He didn't ask for permanent zoning. He asked for a two-year temporary "special-use permit" for the park and offered along with it the owner's promise to screen the property from the view of the offended rich people on the hill. Vinson, a former Dallas plan commissioner himself for four years, knew it wasn't going to be easy to get the commission even to think about voting against the Enclave and the Ferguson Road Initiative, which now goes by the scary Sovietique name "F.R.I."

It's also one reason I was on the edge of my seat with my fingers dug in the cushion. Things don't fall to poor people very often at City Hall. I just wrote about another instance in which the city council, except for the mayor, voted to toss thousands of poor and working-class tenants out of an apartment complex on Northwest Highway to help a developer make a buck ("Looters," May 18).

I have come to know some of the trailer park people--Bill Ashe, for example, a wonderful East Dallas eccentric, smart as hell and open-hearted, and some of the families who live there.

Some of them pay less than $200 a month in rent. It's what they can afford. You know, where do we think people live if they work and earn less than $1,000 a month?

The other key player here is Crossett, the owner. All afternoon long before the plan commission, Crossett was called to the microphone again and again where he was verbally flayed by a succession of commissioners, who blamed him for allowing the trailer park to decay over the years.

Crossett stood with shoulders slumped and took it. A couple of times he spoke up, objecting that he had addressed every code complaint and citation of any kind the city had given him. Every time he spoke, I cringed, because I knew that if he told the truth, the whole deal might collapse. Luckily, he knew it too.

The commissioners were taking strips of hide off him because they needed a villain in this scenario, and the villain could not be the Enclave or the F.R.I. Crossett had to be the bad guy--the greedy absentee landlord from Austin who would go on forever exploiting his poor tenants if City Hall didn't whip him into shape.

What I knew was that Crossett doesn't make a dime off the trailer park. It was his father's business and then his mother's when she became a widow. Yeah, it's his on paper, but his mother runs it, and it is her sole source of income.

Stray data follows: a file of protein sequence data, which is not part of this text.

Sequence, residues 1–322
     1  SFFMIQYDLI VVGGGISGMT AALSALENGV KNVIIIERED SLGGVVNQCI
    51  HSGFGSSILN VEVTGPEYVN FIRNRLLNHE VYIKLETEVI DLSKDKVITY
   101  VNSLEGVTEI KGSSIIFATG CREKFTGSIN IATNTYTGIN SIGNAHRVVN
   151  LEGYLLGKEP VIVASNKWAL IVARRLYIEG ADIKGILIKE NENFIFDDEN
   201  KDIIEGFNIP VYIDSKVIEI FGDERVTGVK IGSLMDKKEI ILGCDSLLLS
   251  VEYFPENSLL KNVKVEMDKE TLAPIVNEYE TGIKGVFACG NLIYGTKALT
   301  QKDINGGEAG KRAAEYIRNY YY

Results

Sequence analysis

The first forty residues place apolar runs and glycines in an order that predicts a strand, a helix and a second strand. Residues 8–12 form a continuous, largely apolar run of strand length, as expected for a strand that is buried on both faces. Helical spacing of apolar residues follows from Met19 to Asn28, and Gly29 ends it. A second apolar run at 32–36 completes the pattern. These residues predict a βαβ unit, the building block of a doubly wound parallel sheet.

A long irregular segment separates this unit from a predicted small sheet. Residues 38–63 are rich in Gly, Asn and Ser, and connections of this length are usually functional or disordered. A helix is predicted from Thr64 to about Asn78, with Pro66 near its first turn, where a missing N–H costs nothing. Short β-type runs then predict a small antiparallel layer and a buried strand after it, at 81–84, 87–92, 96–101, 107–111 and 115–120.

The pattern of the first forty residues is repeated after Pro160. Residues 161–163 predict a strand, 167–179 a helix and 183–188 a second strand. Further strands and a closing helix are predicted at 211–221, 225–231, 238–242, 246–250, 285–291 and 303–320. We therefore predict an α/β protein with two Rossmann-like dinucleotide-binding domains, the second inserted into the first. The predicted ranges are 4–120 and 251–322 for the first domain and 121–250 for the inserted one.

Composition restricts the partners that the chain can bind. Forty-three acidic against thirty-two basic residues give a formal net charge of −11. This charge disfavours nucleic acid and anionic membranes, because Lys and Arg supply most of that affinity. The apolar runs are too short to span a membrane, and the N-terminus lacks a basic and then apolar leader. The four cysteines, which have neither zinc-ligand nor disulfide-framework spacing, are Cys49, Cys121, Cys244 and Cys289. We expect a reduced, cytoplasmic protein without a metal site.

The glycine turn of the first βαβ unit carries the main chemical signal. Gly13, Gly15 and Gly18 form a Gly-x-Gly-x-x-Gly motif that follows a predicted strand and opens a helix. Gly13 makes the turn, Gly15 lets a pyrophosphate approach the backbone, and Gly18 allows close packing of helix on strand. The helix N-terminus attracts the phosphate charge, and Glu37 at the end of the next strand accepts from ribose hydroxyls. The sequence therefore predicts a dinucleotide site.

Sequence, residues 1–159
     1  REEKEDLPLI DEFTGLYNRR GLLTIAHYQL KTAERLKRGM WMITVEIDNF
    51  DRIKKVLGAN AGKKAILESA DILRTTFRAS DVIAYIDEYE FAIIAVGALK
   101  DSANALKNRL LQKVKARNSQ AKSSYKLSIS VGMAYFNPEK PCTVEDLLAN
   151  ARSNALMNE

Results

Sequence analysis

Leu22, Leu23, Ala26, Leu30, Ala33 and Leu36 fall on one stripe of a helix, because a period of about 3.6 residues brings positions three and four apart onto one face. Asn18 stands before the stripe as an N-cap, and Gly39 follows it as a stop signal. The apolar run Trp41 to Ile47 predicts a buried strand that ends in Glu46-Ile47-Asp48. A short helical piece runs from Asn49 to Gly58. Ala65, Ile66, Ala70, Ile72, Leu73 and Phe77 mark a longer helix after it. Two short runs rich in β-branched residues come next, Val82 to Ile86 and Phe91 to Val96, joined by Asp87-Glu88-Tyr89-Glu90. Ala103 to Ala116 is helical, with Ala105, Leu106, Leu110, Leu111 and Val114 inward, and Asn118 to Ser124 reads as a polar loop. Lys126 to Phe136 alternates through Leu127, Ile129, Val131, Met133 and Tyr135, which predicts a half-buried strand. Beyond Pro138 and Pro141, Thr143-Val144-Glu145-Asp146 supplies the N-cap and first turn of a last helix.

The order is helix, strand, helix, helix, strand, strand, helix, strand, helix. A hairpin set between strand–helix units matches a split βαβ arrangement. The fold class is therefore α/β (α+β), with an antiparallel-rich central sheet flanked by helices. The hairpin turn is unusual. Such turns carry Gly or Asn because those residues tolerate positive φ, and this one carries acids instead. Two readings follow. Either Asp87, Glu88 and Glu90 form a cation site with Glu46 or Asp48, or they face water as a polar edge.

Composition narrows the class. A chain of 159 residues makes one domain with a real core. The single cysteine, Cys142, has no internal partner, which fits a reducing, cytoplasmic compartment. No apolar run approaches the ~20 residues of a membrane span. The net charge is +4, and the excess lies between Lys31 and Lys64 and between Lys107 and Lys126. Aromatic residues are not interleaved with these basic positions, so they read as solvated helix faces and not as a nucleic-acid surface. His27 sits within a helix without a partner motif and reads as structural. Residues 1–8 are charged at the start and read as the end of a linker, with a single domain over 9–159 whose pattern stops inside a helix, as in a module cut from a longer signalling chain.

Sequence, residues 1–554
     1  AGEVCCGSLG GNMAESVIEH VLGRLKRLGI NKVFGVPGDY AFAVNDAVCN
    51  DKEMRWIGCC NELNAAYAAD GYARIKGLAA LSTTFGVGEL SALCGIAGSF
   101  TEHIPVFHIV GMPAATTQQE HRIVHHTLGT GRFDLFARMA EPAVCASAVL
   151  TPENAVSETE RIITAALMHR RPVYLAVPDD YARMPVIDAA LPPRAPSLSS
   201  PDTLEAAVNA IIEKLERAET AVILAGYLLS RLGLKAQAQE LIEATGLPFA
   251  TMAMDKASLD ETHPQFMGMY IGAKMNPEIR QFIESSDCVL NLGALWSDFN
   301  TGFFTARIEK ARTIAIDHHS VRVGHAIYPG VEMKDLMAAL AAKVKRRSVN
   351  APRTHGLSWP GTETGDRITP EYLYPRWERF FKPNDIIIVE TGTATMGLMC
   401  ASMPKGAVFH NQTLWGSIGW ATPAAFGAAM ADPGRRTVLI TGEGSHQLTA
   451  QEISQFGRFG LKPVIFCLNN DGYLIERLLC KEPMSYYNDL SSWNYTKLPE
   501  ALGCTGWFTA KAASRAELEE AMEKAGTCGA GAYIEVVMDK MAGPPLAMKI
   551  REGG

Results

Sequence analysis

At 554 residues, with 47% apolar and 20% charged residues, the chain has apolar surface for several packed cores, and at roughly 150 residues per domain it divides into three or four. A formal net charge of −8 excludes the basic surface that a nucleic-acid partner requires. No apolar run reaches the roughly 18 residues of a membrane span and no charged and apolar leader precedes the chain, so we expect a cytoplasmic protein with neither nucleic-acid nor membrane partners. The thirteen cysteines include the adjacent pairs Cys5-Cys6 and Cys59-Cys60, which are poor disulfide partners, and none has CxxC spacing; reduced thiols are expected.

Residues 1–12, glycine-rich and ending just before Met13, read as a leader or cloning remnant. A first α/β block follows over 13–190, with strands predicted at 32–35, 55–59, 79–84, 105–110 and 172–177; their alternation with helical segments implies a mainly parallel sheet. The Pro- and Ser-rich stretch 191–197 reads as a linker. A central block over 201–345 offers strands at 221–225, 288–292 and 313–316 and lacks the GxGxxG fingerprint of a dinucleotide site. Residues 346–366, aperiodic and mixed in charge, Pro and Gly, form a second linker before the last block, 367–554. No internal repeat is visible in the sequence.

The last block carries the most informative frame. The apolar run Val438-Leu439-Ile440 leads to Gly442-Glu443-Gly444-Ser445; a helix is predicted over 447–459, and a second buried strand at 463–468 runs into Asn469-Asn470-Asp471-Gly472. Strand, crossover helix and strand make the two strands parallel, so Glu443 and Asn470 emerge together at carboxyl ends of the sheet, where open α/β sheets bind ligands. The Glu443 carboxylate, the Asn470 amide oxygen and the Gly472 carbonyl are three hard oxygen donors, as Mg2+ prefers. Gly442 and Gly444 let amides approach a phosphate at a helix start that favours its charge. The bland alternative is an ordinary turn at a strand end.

Is he blameless for allowing his mother's business to get down at the heel? No. He doesn't claim to be. But is he a greedy absentee bloodsucker? Hey, anybody who thinks that hasn't yet been in the position of trying to conduct a life, a business and a family while having elderly parents in another city.

The other thing was this: Crossett and his mother could make a killing right now by kicking out all the trailer park people and selling the land to a developer. Testimony before the Board of Adjustment last year showed that people were begging him to sell. But he and his mother feel loyalty to their tenants.

I asked him before last week's meeting why he was spending lawyer money, to say nothing of blood, sweat and tears, to keep this property as a trailer park, when he could just sell it, put the money in CDs and be better off.

"Why are we doing this?" he said. "We have 50 families there that they're trying to kick out on the street. These people have no place to go, no place to live. Our average rent in the mobile home park is $192 a month. You tell me what you can rent for $192 a month anywhere. These people can't afford to go anywhere else."

I said: "But you're a property owner. Why should you care at all what their problems are?"

Crossett said: "Why should I not care?"

Here was the dilemma and the source of my nail-biting suspense. Vinson, the lawyer, had given the commission a brilliantly crafted compromise. They could vote for the temporary-use permit and not create a big gaping precedent-setting hole in the surrounding zoning.

But politically, Crossett had to take a whipping. And if he did not take it--if he bit back one time--then it was my sense that the whole thing could collapse in a heartbeat. The commissioners would say to themselves, "We're not going to vote against the rich people and give this guy new zoning rights if he's not willing to eat some dirt over it."

He took it. Every lick. All afternoon.

They voted unanimously to grant the new permit.

This still must go to the city council. A simple majority vote of the council could knock it all apart.

But I don't think so. I think what we saw was a better face of our city. And, lo and behold, wonder of wonders...